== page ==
Plaintiff worked for Defendant as a car salesman. Plaintiff alleged that he was fired after he complained about and refused to comply with what he believed to be unlawful employment practices. Plaintiff asserted claims for retaliatory discharge under the Fair Labor Standards Act and under state law. Defendant moved to dismiss, arguing that, by simply complaining to his supervisor, Plaintiff did not engage in any protected activity that would shield him from retaliatory discharge. The Court agreed and concluded the FLSA and Missouri state law do not prohibit an employer from terminating an employee merely because the employee raised workplace complaints. Therefore, the Court granted defendant’s motion to dismiss.
The Court explained, “In the Eighth Circuit, district courts are guided by the decision in Brennan v. Maxey’s Yamaha, Inc., 513 F.2d 179 (8th Cir.1975). In Brennan, the government brought suit against an employer after the employer withheld overtime compensation from its employees. The employer had agreed to pay the overtime after a Department of Labor investigation found violations of the FLSA. But then the employer required the employees to endorse their back-wage checks over to the employer. One employee was terminated after she refused to do so. Id. at 180. The court held that the employee’s discharge was unlawful retaliation in violation of § 215(a)(3). According to the court, “her discharge was a direct result of her insistence upon receiving retroactive benefits required under the [FLSA].” Id. at 181. Thus, “the immediate cause or motivation” of the discharge was the employee’s assertion of statutory rights, thereby violating § 215(a)(3). Id. That the employee did not “file” a complaint or “initiate” a proceeding was irrelevant.
The decision in Brennan provides some support for the plaintiff here, but it is not dispositive. In Brennan, unlike this case, there was already an agreement in place between the Department of Labor and the employer regarding the payment of back wages. This agreement was necessarily a “proceeding” covered by § 215(a)(3). The FLSA protected the employee seeking to vindicate her FLSA rights where the formal proceeding was already in place when the employee complained and was terminated.
The Eighth Circuit decisions interpreting § 215(a)(3) make clear that the employee must engage in protected activity in order to be shielded from retaliation. See Grey, 396 F.3d at 1034-35. The “protected activities” are listed explicitly in the statute: filing a complaint, instituting or testifying in a proceeding, or serving on a committee. Workplace complaints are not included. Raising informal objections with one’s supervisor is not included. Bartis is correct to point out that within the protected activities enumerated in the FLSA, there is room for broad interpretation. See Saffels v. Rice, 40 F.3d 1546, 1549-50 (8th Cir.1995) (holding that the anti-retaliation provision protects an employee who was fired because the employer had a mistaken belief that the employee filed a complaint with the Department of Labor). But the statute cannot be construed so broadly as to depart from its plain and clear language. See Brown v. L & P Indus., No. 5:04CV379JLH, 2005 WL 3503637 (E.D.Ark. Dec. 21, 2005) (employee who merely contemplated filing a complaint with the Department of Labor and threatened to do so was not covered by anti-retaliation provision). See also Haug v. Bank of America, N.A., 317 F.3d 832, 835 (8th Cir.2003) (“Where the language of a statute is unambiguous, the statute should be enforced as written unless there is clear legislative intent to the contrary.”).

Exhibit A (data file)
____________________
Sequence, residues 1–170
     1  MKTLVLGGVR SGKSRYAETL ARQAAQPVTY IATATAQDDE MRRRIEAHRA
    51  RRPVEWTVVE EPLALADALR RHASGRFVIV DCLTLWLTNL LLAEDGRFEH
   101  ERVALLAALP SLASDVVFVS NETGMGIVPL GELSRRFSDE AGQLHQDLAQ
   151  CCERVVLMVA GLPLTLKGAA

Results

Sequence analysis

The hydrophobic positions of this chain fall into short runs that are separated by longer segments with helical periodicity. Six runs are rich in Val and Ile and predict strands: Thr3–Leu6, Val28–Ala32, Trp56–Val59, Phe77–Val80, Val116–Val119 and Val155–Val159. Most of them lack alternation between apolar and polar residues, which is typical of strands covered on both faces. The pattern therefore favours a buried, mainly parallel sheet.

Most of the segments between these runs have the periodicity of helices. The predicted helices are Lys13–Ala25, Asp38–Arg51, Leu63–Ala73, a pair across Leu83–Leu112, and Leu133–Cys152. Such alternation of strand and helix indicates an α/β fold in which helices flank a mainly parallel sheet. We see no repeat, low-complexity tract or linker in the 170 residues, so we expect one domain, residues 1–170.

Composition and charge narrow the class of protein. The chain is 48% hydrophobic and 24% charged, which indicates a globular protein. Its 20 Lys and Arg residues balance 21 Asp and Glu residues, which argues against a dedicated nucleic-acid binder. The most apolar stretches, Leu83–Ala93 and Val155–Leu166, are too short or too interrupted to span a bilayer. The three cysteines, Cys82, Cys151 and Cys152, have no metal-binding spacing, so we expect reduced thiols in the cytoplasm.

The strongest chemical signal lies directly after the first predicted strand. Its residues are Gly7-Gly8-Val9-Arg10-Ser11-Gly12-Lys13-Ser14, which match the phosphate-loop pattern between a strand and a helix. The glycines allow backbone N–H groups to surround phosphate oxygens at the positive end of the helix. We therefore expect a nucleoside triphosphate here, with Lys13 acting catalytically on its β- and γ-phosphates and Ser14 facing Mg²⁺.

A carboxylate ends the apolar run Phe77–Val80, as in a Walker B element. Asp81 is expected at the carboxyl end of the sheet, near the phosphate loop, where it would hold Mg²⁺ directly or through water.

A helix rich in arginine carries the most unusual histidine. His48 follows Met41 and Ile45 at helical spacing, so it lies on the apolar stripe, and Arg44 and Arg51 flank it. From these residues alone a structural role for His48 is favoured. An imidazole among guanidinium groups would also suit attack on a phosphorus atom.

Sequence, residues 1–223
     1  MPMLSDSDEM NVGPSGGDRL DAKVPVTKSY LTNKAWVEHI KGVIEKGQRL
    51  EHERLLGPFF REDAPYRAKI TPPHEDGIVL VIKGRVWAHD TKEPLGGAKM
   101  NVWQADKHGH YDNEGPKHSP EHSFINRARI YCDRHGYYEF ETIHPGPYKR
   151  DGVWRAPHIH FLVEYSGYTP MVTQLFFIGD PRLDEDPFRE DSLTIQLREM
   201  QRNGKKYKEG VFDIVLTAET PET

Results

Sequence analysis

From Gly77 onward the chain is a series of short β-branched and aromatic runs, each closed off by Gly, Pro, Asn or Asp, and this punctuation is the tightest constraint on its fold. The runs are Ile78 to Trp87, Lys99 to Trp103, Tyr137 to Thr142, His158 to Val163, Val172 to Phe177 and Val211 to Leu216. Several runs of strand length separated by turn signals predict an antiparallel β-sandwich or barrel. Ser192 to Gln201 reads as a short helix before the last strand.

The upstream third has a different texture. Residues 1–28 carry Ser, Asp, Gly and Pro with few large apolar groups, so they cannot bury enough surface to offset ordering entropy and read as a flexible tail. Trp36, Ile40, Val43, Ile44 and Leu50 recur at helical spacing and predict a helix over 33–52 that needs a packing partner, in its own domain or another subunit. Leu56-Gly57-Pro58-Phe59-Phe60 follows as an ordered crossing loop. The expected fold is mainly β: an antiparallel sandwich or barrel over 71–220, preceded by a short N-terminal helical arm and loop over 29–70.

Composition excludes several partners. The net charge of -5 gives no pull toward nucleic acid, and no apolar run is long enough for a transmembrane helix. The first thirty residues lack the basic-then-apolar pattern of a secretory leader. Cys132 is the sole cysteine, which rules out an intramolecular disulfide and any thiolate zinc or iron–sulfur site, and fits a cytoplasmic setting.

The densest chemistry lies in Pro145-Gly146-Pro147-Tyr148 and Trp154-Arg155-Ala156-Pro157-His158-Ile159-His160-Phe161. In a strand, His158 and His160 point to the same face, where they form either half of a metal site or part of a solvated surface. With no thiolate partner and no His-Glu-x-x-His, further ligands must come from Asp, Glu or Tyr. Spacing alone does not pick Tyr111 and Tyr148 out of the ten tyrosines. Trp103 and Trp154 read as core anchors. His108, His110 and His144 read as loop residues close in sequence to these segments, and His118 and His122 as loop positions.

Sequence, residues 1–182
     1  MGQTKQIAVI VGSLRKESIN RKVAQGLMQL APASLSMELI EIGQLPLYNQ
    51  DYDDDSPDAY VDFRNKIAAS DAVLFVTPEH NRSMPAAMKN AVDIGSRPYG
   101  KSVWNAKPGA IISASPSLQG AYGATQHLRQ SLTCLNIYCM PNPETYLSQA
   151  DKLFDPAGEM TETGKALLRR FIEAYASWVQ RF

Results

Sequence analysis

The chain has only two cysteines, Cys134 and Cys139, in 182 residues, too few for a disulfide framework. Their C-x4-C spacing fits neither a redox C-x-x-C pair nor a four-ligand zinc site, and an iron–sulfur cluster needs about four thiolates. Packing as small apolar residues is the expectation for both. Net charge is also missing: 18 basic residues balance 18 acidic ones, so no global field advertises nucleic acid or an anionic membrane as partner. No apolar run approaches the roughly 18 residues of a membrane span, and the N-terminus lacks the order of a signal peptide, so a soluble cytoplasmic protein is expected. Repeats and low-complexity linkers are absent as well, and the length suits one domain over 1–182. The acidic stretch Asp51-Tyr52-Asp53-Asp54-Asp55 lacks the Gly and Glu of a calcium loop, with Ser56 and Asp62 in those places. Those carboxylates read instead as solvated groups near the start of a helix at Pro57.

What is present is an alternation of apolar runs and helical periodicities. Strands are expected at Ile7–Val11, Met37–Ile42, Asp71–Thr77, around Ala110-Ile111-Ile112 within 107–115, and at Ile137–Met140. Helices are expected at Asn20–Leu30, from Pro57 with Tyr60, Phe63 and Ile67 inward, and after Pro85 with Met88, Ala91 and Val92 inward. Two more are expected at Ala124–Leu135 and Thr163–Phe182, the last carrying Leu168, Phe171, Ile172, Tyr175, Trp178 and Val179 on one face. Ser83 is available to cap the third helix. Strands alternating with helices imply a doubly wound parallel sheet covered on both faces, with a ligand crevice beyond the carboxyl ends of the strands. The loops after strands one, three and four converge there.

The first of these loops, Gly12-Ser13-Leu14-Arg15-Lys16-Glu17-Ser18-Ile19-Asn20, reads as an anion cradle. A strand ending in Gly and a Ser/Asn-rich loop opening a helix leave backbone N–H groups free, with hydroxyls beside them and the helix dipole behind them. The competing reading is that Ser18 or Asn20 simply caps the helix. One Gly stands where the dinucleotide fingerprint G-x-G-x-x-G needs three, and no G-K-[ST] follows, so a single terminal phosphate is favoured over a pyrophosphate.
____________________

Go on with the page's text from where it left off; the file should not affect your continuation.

Moreover, the FLSA anti-retaliation language stands in stark contrast to the anti-retaliation provision found in another labor statute, Title VII of the Civil Rights Act of 1964. That statute prohibits employer retaliation against any employee who has ” opposed any practice made an unlawful employment practice by this subchapter.” 42 U.S.C. § 2000e-3(a) (emphasis added). Protection for anyone who “opposes a practice” is far broader than the protection found in the narrow limitations of the FLSA. Congress knows how to afford broad protection against retaliation when it wants to. Unlike Title VII, the FLSA anti-retaliation provision is limited in its scope and does not extend to activities that fall outside its clear text. For these reasons, Bartis’s claim for unlawful retaliation under the FLSA must be dismissed.”
The decision demonstrates the continuing interpretation throughout the country as to what constitutes “protected activity” thereby giving rise to the protections of 215(a)(3), the FLSA’s anti-retaliation provision.